The reading is being presented as part of the Jewish Film Festival by the Southampton Cultural Center in association with the Playwrights’ Theater of East Hampton. Kalfin wrote this week in an email that all the roles have not been cast yet, and all are welcome to try out at an open call from 6 to 9 p.m. on Sunday and Monday, August  6 and 7, 2017 at the Cultural Center at 25 Pond Lane. Sides and scripts will be available.

Silverman’s reasons for starting the Southampton Jewish Film Festival underlie her continuing careful curation of screenings and programming: to increase awareness and understanding of the Jewish experience, among Jews and non-Jews alike.

“Although it is hard to get young people to leave their electronics, I hope to get them to attend,” she wrote. “Based on  my experience  as an 8- year-old, if even just one individual is affected and later in life goes on to share, that is already a win.”

“It goes without saying,” she continued, “that the Jewish people exist within a larger community and that we are inextricably connected to each other. Clearly there can be no better reason than this for all members of the community to enjoy these films, particularly those like myself who are history buffs.”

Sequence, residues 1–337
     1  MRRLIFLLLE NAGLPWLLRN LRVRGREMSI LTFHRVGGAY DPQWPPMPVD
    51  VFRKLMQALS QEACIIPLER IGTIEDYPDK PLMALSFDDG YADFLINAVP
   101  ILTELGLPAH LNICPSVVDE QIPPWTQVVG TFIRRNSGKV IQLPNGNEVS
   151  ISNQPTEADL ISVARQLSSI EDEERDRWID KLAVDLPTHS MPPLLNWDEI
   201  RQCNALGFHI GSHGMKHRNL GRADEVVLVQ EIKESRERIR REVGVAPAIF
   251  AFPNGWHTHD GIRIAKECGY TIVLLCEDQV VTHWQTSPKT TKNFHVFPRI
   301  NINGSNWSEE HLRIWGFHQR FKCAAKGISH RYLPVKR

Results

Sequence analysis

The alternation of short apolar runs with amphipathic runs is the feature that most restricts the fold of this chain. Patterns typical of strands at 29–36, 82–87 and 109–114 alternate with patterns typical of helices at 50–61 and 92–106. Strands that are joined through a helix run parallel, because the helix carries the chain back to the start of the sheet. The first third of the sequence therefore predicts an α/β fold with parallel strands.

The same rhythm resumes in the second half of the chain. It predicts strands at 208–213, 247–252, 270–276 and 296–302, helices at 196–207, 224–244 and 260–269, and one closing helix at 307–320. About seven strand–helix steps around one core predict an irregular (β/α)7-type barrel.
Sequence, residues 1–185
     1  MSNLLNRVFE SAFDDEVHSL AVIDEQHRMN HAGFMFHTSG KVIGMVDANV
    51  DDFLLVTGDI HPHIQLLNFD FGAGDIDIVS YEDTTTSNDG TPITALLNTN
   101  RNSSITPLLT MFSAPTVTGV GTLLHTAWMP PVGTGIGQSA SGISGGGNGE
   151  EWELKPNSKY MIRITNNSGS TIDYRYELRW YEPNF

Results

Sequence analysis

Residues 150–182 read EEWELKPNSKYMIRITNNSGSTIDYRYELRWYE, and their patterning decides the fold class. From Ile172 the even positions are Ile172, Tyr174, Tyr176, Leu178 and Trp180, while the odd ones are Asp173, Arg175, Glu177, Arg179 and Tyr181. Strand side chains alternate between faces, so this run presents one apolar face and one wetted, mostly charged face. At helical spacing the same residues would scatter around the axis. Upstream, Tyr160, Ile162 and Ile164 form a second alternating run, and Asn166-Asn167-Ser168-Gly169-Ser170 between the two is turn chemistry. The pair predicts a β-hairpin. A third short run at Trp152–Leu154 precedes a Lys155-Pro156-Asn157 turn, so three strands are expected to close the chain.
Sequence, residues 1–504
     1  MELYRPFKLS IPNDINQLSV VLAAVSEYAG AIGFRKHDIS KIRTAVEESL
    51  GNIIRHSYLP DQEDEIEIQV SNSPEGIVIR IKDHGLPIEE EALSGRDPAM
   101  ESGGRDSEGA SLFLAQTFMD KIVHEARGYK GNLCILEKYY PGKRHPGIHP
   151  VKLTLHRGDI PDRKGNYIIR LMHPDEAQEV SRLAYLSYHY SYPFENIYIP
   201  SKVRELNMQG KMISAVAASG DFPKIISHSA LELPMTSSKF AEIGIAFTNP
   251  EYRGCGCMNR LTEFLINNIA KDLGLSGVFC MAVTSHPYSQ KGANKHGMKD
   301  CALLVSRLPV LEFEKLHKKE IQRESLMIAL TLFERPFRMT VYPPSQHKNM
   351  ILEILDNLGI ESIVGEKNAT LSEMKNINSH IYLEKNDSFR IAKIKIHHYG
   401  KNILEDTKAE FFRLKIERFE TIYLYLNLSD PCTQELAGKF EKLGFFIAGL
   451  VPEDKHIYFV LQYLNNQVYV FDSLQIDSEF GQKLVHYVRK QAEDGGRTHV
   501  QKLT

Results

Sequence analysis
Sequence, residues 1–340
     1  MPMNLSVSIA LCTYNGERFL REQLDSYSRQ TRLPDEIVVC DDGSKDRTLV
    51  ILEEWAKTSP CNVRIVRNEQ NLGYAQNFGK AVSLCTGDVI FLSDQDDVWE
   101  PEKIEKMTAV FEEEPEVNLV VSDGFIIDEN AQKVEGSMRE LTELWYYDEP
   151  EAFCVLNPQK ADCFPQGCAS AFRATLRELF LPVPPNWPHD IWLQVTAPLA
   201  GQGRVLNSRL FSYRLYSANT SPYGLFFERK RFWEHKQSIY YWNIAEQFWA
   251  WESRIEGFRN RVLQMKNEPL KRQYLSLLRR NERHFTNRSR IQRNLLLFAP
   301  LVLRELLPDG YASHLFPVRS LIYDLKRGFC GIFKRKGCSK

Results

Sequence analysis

BASIC FACTS: The Southampton Jewish Film Festival runs from July 6 to August 29, 2017. Screenings and post-screening programs are held at the Southampton Arts Center, 25 Jobs Lane, Southampton, NY 11968 and in East Hampton at Guild Hall, 58 Main Street, East Hampton, NY 11937. Admission is $15, with children under 12 half price. Seating is limited and online reservations are suggested, at www.scc-arts.org. For a complete schedule and programming details, click here.

As part of the Jewish Film Festival, a free staged reading of “The Resettlement of Isaac,” by Robert Karmon and directed by Rogert Kalfin, takes place on August 21, 2017 at 7:30 p.m. at the Southampton Cultural Center, 25 Pond Lane, Southampton, NY 11968. www.scc-arts.org